Computer 11 was programmed to provide two modes of operation: One mode provided real time range solutions and displayed the results on color display 12; in the second mode, raw data from IF processor 5 and the NAV 7 was acquired by computer 11 and recorded on its internal magnetic-disk medium. At the end of each test, the data was copied from the disk to a magnetic tape cassette 13 and the disk file erased to provide space for the next test. At the end of each flight, the tape-recorded data was processed on the ground.
The SBI/LBI flight tests were conducted at a test range at a flight facility on Long Island, N.Y. Ground truth was provided by a Nike tracking radar which also served as the target emitter. The characteristics of the emitter were as follows:
Frequency: 8.6 GHz
PRF: 500 pps
Pulse width: 0.25 microseconds
Range Accuracy: 12 meters
Angle Accuracy: 0.1 degrees
Time synchronization between the airborne system and the tracking radar clock was achieved with a portable, battery-powered, time standard which was used to set the computer clock on the aircraft. Ground truth data, consisting of time, slant range, azimuth and elevation angles were recorded on magnetic tape, resolvable to the following values:
Time: 0.2 seconds
Range: 1 yard
Angles: 0.01 degrees
Six flight tests were conducted using three different trajectories, encompassing ranges from 10 to 50 nautical miles (NM), angles off the nose of 15 to 90 degrees, and aircraft dynamics of up to 2°/sec. turn-rate and plus-or-minus 20° roll.
The three trajectories used were called "snake," "closing," and "crescent." The "snake" is a flight track with a sinusoidally-varying heading. Two snake flights were flown at 2°/sec. and 1°/sec. turn-rates.
The "closing" trajectory was a nearly-straight-and-level track with a monotonically-changing range and angle to the emitter. One closing trajectory was flown.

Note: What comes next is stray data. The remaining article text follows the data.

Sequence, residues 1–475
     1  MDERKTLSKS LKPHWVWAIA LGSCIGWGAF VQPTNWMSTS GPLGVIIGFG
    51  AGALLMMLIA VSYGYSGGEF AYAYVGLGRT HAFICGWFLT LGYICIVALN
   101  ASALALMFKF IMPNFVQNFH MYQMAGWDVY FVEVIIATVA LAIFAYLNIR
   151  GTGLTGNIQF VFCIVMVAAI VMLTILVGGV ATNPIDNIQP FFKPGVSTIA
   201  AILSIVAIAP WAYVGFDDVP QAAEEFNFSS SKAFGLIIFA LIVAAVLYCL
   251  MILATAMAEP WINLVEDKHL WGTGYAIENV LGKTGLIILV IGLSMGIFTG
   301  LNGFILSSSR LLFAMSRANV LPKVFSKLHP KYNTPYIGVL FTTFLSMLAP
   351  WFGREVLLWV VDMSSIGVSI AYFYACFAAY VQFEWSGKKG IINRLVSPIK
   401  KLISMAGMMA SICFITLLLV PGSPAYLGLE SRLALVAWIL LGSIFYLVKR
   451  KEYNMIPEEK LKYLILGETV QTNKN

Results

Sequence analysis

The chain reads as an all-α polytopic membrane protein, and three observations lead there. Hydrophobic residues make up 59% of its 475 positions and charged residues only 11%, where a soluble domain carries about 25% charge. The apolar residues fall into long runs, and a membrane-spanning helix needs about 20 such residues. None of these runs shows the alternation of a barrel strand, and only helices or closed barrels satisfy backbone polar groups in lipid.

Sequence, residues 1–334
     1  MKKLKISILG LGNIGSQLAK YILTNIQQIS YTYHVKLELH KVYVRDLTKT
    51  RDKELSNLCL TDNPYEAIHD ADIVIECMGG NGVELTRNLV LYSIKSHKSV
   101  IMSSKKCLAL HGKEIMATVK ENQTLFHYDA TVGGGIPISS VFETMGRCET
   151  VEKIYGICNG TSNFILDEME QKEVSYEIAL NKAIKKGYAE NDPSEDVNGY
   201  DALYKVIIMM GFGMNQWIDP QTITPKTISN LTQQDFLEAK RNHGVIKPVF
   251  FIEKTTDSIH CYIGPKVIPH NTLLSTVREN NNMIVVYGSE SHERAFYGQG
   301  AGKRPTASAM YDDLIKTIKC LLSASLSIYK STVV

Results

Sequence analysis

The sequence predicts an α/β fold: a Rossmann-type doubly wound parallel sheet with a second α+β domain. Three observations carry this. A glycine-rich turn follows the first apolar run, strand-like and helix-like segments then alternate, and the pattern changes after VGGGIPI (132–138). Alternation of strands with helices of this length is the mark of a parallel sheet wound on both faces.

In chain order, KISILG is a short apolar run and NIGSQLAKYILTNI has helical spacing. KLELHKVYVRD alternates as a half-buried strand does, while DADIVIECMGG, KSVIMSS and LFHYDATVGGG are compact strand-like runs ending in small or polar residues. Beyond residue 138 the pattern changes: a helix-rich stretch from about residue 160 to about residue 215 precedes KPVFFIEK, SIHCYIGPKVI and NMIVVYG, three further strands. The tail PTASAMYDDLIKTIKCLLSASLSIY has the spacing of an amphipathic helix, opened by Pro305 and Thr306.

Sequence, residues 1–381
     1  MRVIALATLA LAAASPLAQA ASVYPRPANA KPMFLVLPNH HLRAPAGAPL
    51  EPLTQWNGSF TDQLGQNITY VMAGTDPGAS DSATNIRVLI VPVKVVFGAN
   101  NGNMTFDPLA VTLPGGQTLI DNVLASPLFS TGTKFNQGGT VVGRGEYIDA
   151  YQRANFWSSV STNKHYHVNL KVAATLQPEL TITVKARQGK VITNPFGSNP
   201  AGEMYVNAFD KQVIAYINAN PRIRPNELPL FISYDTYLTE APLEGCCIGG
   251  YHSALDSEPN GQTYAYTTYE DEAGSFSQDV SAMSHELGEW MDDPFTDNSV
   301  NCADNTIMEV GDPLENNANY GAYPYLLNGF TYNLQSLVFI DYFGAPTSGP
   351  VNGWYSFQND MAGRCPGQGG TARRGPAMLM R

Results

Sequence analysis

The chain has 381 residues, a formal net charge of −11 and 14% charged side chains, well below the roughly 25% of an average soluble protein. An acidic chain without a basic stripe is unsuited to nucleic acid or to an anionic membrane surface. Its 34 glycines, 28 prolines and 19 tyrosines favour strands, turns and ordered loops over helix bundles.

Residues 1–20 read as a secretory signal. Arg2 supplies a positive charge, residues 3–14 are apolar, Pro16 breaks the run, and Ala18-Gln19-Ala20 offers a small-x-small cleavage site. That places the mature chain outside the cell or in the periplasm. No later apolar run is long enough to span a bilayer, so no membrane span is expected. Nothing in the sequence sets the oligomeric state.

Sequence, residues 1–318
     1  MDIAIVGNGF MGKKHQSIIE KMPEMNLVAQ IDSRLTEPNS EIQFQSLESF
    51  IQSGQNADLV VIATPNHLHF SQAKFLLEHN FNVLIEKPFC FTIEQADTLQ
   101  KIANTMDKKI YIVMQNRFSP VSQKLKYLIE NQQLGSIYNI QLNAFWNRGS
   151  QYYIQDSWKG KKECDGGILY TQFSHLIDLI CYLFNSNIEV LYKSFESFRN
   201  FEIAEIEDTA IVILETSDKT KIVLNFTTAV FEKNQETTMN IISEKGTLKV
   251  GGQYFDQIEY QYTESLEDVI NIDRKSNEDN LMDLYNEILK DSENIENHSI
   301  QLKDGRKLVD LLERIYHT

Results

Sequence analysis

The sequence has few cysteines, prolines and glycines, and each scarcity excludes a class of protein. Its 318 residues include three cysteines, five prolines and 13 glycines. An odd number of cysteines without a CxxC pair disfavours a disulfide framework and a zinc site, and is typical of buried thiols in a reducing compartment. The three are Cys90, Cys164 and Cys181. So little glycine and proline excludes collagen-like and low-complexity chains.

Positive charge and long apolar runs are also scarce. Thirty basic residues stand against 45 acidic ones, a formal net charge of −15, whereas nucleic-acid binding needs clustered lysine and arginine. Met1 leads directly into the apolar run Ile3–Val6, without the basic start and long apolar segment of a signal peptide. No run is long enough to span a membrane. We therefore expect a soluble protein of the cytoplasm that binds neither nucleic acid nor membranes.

The "crescent" trajectory was designed to provide a gradual angular change at near-constant range to the emitter by maintaining a constant turn rate of 0.5°/sec. Three crescents were flown at nominal ranges of 17 NM, 40 NM and 48.5 NM.
Each flight test segment was limited to three minutes duration by the computer 11 disk capacity. Each test segment collected 86,800 monopulse measurements of the three SBI 1 phases, the LBI 2 phase and four signal amplitudes, plus 1440 measurements of aircraft latitude, longitude, roll, pitch and heading. At the end of each test, the data was copied to magnetic tape and the disk space cleared for the next test.
Ground processing was performed in two steps. In the first step, the monopulse data was read back from magnetic tape and pulse measurement averages were calculated. Next, the latitude, longitude, roll, pitch and heading data were read from tape, interpolated to the arrival times of the pulse data, and merged with the average pulse data into single file. The second ground processing step applied the ranging equations to the data in the file and calculated performance statistics. Finally, the measured RMS ranging error was compared to the theoretical error model to assess the accuracy of the theoretical model in predicting error. A summary of the LBI/SBI flight tests is illustrated in the table of FIG. 6. Excluding the two cases involving run 3, which was used to estimate LBI 2 measurement error, the overall RMS error for 13,656 range measurements was 8.9% actual, versus 8.6% theoretical.
It is to be expected that frequency-swept, phase-coded and frequency-hopped signals could degrade SBI/LBI ranging accuracy if their effect on the method is not understood and compensated for.
An analysis of these effects was performed for another exemplary system utilizing a 20.99" Short Baseline Interferometer oriented 30° from the aircraft centerline and a 204" Long Baseline Interferometer oriented 15° from the aircraft centerline.
In the case of a biphase-coded chirp signal, the SBI and LBI measurement are perturbed by a plus-or-minus 180° phase "glitch" introduced in the phase measurements. The effect on performance depends on the angle to the signal, the video bandwidth and the integration period of the phase measurements.
However, a worst-case analysis for a typical system shows that the worst-case angle for the SBI array is zero degrees and 15° for the LBI. For a signal at zero degrees, the width of the phase glitch is 1.5 nanoseconds, since the difference in path lengths for the SBI is about 18 inches and light travels about one foot/nanosecond. The 10 MHz video filter with a 35 nanosecond rise time attenuates this 180° glitch to about 7.7°. If this is averaged over the 100 nanoseconds of the preferred embodiment, its value will be reduced to about 0.12°, and hence, it is neglible.